The days of a structured work environment with designated times for breaks and lunch seem to be fading away. Even the atmosphere of offices is changing. Many companies are incorporating bright, cheerful colors into the workplace and creating more lounge areas or private rooms for employees.
Some companies even have gyms and showers, not to mention coffee shops, complete with baristas. In part, we have millennials to thank for this. They’re changing the landscape of companies today.
What millennials expect in a workplace
This generation wants and demands things that previous generations would never have dreamed of asking for. Of course, technology is playing a role in this, allowing some employees to work remotely.
Like some other generations, millennials have experienced high unemployment levels due to The Great Recession. As a result, it has cast doubt on a bright economic future and has changed millennials' attitude about the workforce. This group of young people has a set of demands, and it’s nothing like previous generations.
One survey shows the ability to telecommute is important to this age group along with unlimited vacation, no performance reviews, and even gym memberships.
Millennials want to be part of a team and not treated as an individual. They don’t like performance reviews and want flexibility and mobility to shift careers within the same company. They like interconnectedness.
Researchers at Florida International University find it’s important for millennials to do work that’s meaningful and creative. They like instant feedback.
When it comes to training, research also shows they relate best to YouTube as a way to learn. They prefer text, email, social media as a preferred way of communication followed by a phone call and in-person conversation.
“By 2020, there’ll be 86 million millennials in the workplace and 40 percent of the total workplace population will be millennials,” said Jonathan Weber, senior counsel with a Global 300 technology company. “So any changes that are being brought by millennials are significant and need to be factored in through changes in enterprises and how companies recruit people and do their work.”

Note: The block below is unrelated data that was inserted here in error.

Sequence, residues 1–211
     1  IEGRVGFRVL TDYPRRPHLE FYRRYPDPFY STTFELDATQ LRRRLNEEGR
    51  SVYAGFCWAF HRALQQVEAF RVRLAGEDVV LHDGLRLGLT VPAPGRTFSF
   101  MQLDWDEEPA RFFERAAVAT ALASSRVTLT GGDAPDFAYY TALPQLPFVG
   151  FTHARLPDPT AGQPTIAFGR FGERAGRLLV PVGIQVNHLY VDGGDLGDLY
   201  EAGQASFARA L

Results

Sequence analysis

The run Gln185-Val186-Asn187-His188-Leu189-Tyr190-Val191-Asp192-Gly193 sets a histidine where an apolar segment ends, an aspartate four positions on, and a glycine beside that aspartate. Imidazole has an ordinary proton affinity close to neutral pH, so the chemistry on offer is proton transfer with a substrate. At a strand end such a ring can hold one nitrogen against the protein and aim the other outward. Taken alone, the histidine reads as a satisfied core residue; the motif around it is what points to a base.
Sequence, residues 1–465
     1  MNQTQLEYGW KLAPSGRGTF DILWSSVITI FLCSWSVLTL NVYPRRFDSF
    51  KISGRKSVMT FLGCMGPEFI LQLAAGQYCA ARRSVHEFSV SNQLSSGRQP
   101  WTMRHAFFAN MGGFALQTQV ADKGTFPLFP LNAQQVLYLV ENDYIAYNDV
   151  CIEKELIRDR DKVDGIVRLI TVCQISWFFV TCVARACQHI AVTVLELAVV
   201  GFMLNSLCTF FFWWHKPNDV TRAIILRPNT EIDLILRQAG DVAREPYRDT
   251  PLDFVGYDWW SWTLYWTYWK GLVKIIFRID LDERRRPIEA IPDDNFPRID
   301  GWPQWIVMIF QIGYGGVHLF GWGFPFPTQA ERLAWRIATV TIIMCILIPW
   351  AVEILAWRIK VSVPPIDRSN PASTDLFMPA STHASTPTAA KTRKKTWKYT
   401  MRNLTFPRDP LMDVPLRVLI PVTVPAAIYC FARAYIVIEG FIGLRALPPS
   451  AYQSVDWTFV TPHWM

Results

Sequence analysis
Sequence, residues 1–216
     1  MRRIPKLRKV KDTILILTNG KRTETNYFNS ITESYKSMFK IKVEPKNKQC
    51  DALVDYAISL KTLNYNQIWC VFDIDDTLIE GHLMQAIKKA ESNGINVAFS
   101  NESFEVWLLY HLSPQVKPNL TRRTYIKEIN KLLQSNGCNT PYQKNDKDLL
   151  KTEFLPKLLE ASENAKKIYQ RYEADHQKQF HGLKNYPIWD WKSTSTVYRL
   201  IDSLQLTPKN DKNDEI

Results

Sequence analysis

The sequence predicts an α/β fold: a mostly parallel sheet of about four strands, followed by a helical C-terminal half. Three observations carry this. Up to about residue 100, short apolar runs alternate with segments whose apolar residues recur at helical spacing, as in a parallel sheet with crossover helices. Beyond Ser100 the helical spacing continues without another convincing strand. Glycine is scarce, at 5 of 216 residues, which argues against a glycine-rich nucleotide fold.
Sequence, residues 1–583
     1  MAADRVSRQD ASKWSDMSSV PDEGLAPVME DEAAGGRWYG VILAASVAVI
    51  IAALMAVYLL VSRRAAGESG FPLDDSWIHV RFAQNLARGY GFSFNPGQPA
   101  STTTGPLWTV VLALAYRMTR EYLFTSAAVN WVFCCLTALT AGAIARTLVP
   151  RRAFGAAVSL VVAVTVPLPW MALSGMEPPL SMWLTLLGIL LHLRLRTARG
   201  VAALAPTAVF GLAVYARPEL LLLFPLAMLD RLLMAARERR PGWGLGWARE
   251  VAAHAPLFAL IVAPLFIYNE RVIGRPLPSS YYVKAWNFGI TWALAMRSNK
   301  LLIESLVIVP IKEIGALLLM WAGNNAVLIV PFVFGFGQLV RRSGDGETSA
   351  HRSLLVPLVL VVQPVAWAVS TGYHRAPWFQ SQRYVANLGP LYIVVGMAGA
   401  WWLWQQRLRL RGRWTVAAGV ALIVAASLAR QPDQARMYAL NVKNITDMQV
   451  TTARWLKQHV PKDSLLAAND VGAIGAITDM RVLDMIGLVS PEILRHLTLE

“So any changes that are being brought by millennials are significant and need to be factored in through changes in enterprises and how companies recruit people and do their work.”
Weber also said millennials are looking for three key factors in the workplace: flexibility, mobility and interconnectedness. They also want a company to invest in them so constant development and training is important.
Millennials want help and training in a job so they can develop their skills but they want it more in a mentoring type way where the mentor is acting as a project leader, not a boss.
Why the change?
“I think one is that millennials have grown up at a time where they’ve seen a lot of significant change, especially with technology, and they’ve seen how that has affected work in traditional jobs, large companies and corporations, the Great Recession,” explained Weber.
“They saw what happened to millions upon millions of people who dedicated their lives to a specific role at a company. They saw what happened and decided we don’t want that to happen us. Things need to be looked at a little differently. With that, the idea is there has to be a greater purpose than just profit.”
Since technology is changing so quickly, companies who want to keep up the pace need to find people with the relevant skills. If you’re static with your skill set, you’ll become irrelevant very quickly. So millennials see this as a way for them to call the shots a little more.
For more on millennials in the workforce in this podcast, listen to this special episode of the Komando On Demand Podcast. We've embedded it below so you don't have to hunt!